“I don’t know about the whole world, Ollie. All I know is it’s done where we live, here in Stuttgart, Germany.” Papa pulled his shoulders back and stood straighter than that little tree high up on the roof.

“It’s going to be such a beautiful house,” said Mama. Her eyes were shining. “We’ve waited so long for this. I can see it now. White stucco. Big picture window downstairs in the drawing room. I’ll keep a rubber tree plant in it. It will grow and grow and climb clear across the ceiling, just like the one my aunt, Tante Julchen, had when I was a child. And we’ll have a balcony all across the second floor where the bedrooms will be, and—”

“I thought you liked our apartment,” teased Papa, with a perfectly straight face. I could tell how pleased he was, though, by his voice.

“Oh, I do,” Mama answered quickly. “But a house … ! Just think, children. You’ll each have your very own room!”

“And a playroom,” added Papa.

“And a garden with secret hiding places,” added Hans.

“And a roof that’s flat with a tree on it,” said I.

Everybody laughed. “Silly,” said Hans. “The tree doesn’t stay there.” My face must have shown my disappointment. “Never mind,” he tried to comfort me. “You’re only five years old. When you get to be thirteen, like me, you’ll know more stuff.”

“She already knows a lot of stuff,” said Papa. “And if you’re so smart, young man, how about scraping that mud off your boots before your mother has to speak to you about it again?”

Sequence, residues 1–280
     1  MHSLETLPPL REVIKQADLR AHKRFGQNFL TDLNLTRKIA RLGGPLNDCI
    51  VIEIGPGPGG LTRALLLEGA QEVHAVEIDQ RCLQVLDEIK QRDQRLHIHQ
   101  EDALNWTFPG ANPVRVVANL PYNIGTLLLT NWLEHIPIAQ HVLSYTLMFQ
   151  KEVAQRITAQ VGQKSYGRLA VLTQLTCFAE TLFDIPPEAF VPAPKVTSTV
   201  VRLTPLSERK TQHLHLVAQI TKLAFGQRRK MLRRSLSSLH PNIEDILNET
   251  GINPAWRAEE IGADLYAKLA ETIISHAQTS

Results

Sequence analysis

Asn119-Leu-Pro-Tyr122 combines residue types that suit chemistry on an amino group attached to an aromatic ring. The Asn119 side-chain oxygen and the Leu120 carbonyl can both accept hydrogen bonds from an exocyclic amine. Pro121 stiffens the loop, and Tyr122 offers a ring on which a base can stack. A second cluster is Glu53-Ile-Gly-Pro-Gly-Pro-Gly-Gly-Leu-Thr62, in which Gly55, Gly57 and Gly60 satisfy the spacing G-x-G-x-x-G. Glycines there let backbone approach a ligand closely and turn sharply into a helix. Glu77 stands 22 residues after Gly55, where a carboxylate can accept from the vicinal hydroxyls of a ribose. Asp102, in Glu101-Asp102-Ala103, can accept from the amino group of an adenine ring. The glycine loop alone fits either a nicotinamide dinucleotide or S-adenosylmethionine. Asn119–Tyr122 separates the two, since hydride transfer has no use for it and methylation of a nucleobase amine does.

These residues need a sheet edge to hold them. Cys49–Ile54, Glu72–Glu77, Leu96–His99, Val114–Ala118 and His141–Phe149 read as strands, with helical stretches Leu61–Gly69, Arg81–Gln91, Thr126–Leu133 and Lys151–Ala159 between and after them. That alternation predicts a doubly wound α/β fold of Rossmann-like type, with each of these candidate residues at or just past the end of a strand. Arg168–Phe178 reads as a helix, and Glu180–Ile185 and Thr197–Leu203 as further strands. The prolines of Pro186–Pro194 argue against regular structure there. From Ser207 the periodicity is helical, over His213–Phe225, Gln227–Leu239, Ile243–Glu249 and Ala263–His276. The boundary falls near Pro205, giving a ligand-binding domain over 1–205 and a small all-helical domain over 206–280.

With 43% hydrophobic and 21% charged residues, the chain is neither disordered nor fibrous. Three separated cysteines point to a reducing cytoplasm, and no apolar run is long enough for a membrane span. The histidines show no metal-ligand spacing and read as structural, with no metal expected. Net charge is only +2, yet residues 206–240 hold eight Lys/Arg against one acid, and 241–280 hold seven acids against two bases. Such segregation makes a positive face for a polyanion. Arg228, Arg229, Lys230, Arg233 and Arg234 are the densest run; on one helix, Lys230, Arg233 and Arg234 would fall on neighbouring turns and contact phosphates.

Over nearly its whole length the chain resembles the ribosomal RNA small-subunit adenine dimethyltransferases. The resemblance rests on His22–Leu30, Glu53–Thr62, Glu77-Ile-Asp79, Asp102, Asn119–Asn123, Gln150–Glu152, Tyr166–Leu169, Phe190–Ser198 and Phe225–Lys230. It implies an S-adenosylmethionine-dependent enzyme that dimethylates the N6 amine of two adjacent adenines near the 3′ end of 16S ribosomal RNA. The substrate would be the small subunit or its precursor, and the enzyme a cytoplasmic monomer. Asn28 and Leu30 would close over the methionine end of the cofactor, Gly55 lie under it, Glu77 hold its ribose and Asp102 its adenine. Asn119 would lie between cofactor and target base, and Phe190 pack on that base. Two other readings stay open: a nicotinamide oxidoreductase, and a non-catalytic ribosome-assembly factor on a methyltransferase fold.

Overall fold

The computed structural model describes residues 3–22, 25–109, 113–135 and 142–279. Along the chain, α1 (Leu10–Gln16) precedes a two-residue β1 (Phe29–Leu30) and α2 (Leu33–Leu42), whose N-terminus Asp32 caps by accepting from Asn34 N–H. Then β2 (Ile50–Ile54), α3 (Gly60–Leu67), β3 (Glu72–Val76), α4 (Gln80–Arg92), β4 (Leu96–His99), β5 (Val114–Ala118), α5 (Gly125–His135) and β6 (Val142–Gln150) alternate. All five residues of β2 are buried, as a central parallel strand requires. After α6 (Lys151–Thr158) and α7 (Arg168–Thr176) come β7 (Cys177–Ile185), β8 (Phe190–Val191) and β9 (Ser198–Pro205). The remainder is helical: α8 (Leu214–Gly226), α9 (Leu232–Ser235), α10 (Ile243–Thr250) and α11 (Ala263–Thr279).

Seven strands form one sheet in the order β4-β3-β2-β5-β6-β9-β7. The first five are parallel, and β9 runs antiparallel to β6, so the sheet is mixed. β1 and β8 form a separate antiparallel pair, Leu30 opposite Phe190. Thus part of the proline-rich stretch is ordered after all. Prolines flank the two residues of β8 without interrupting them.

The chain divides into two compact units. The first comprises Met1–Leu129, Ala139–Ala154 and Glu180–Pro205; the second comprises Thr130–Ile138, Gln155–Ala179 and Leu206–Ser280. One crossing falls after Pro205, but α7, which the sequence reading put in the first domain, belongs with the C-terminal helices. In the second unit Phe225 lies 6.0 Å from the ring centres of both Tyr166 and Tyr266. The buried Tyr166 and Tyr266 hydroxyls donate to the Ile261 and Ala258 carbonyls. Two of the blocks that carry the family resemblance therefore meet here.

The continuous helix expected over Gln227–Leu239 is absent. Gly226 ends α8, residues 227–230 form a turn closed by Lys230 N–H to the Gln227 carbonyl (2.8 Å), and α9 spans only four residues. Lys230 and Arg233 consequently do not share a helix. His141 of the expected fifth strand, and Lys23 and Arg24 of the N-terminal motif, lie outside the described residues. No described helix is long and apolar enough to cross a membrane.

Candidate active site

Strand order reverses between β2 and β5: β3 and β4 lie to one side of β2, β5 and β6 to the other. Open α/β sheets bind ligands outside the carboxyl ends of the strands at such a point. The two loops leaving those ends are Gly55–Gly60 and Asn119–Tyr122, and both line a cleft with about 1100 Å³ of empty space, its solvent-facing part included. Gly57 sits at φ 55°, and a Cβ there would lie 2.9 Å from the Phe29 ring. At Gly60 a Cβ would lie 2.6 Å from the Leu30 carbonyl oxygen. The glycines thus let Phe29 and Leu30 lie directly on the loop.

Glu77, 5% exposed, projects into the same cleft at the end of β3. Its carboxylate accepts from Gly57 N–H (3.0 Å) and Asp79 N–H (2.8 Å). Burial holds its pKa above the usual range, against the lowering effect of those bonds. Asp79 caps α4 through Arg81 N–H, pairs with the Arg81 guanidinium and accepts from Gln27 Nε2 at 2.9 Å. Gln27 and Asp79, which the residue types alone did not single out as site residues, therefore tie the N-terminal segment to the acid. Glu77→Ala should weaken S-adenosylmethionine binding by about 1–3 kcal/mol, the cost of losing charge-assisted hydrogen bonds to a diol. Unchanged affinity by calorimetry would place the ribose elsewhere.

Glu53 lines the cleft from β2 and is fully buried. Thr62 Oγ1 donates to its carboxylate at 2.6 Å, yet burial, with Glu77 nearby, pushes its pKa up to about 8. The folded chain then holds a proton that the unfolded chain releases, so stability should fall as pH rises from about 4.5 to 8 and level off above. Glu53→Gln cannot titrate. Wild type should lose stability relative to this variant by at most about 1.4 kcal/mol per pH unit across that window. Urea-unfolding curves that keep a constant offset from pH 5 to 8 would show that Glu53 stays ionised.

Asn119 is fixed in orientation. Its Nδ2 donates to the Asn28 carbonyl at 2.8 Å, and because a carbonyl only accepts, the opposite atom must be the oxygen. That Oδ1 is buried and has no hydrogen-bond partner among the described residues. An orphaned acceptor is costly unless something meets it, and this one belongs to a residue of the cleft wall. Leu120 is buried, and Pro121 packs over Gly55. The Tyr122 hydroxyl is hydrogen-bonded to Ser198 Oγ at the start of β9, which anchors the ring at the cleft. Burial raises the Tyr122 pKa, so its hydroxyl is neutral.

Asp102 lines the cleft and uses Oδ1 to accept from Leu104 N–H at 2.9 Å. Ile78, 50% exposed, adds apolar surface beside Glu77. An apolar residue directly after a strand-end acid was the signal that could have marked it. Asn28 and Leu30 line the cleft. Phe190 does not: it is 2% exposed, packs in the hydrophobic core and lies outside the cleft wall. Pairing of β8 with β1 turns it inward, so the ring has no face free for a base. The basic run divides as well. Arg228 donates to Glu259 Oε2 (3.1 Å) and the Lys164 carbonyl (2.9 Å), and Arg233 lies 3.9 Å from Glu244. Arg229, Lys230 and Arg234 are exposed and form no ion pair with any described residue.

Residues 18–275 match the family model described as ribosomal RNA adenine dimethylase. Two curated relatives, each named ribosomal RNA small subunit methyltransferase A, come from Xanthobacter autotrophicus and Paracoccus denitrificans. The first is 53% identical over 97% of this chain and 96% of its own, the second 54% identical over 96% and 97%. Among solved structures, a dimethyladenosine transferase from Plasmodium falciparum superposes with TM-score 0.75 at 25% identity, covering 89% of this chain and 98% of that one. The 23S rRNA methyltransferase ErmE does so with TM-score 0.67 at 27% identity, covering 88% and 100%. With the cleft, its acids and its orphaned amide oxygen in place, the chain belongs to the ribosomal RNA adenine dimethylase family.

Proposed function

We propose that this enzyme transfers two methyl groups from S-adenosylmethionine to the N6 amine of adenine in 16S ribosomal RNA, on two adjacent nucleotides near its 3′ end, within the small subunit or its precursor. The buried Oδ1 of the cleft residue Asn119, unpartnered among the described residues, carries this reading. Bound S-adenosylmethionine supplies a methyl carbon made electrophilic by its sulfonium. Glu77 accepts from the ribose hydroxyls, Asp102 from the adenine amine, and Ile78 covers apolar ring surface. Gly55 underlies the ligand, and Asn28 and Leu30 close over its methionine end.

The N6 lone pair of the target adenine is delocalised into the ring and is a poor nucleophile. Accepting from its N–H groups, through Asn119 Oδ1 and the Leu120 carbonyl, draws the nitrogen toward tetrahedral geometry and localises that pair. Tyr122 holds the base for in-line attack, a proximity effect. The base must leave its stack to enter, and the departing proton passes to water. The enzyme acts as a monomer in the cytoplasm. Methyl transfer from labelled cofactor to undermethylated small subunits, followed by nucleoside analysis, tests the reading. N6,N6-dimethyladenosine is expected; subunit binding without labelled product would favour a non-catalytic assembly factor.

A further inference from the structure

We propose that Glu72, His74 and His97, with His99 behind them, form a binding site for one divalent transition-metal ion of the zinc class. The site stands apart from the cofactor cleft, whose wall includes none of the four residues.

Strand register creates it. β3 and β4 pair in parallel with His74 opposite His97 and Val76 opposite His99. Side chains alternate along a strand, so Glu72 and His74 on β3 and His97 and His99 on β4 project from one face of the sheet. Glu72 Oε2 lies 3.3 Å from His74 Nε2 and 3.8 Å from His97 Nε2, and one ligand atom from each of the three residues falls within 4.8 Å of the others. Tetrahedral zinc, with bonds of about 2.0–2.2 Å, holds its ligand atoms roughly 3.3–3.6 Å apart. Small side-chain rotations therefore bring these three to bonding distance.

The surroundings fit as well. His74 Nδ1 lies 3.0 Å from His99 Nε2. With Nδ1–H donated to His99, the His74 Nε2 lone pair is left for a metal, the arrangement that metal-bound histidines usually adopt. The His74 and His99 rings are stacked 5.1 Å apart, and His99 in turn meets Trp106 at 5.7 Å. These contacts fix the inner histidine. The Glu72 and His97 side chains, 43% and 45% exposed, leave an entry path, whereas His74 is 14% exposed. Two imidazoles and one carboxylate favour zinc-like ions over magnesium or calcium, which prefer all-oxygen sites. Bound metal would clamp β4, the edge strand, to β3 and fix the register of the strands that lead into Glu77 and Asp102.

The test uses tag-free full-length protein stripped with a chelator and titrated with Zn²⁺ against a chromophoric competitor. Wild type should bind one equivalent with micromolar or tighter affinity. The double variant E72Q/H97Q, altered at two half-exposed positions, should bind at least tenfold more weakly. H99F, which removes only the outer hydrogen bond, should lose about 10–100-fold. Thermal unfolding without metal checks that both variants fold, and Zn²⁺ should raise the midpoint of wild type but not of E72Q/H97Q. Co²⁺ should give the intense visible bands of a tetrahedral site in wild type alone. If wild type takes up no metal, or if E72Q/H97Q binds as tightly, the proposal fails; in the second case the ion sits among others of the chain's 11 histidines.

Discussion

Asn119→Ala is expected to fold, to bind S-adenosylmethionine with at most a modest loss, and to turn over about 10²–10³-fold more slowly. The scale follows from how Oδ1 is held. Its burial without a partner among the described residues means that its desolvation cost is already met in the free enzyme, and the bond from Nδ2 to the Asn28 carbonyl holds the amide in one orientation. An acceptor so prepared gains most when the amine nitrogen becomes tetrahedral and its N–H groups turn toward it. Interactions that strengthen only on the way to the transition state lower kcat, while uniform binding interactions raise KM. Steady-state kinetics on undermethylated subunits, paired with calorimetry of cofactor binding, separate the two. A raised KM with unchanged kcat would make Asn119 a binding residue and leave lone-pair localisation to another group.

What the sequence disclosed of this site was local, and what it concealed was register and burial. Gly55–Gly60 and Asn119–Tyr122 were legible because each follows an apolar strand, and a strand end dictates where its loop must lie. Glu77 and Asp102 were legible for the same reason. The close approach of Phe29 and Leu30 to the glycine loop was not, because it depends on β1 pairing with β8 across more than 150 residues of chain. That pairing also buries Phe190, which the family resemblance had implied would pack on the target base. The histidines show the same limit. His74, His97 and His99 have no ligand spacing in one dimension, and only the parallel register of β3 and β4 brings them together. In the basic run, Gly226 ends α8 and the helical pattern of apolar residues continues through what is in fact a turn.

“When will our house be finished, Daddy? Will we move into it soon?” He had called him Daddy, the way English children addressed their papas. I knew he was trying to impress him. But he did start scraping his muddy boots on one of the bricks lying around. Papa sighed deeply.

“I certainly hope so,” he said.

Copyright © 1992 by Olga Levy Drucker

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Customer Reviews

Average Rating 5
( 3 )
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Sort by: Showing all of 4 Customer Reviews
  • Anonymous

    Posted April 25, 2005

    Amazing Story

    I read this book when I was learning about the Holocaust in the fifth grade. I was fortunately enough to meet the author and listen to her tell her story in her own voice. It is truly a remarkable story about the lives of the Jewish children who were able to escape the terrible fate of so many others in Nazi Germany... I am in college now and taking a class on the Holocaust - I have never been able to forget this story, however.